These are classic interpretations that have long stood the test of time and still retain an authenticity and freshness after almost 50 years of their recording. Horenstein is one of the giants in both these composers, and these are the occasions in which he was at his very best.
Mahler's First was recorded with the Vienna Symphony Orchestra in 1953. The dashing swagger that informs the First movement may also be found in Barbirolli's almost contemporaneous recording with the Hallé in 1957, but the VSO are slightly more involved. I also enjoyed the marvellous Finale that is taken at a leisurely pace which informs the music with largesse and grandeur. Although the recording is not top class, the whole recording is really a legend.
Bruckner's 9th Symphony is similarly involving and this is one of those intrinsically classic versions, full of beauty and epic grandeur. Comparable to Walter, Haitink and the expansive Mehta, another recent reissue on Decca Legends, Horenstein is swift, yet also very trenchant. The recording is a trifle rough but otherwise this is one of the greatest Adagios ever recorded.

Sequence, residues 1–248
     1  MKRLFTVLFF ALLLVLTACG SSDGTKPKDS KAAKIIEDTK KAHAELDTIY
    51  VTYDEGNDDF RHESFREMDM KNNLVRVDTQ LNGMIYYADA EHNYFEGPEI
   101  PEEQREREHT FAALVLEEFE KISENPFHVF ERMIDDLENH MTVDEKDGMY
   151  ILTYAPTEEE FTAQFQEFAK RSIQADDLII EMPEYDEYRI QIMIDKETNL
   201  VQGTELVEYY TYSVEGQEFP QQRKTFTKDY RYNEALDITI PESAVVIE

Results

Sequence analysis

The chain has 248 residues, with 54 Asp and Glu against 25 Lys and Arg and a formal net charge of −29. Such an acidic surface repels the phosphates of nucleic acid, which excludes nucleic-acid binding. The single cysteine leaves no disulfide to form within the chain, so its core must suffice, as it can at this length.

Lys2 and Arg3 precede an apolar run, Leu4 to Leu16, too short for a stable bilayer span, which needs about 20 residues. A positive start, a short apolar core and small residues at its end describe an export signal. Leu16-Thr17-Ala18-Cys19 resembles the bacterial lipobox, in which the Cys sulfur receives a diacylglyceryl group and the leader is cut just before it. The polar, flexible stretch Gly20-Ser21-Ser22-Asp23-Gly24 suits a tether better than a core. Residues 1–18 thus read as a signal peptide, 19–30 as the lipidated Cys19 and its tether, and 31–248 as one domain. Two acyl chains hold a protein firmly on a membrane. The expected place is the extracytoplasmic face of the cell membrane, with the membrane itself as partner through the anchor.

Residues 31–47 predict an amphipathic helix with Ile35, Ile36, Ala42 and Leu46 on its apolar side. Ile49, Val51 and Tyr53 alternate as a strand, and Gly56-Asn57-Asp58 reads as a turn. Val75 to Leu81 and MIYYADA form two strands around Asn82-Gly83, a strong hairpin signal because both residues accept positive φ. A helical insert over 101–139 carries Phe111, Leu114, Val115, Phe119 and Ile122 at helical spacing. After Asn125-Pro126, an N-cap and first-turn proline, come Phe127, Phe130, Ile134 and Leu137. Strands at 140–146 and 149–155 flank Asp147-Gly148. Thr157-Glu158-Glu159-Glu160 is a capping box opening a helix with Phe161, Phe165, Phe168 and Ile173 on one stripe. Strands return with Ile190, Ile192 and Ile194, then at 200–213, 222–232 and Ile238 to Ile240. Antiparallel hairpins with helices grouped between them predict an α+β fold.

Vox has reissued all the extensive notes and documentation that were part of the original LPs. For this alone, they are to be commended.
Copyright © 2007, Gerald Fenech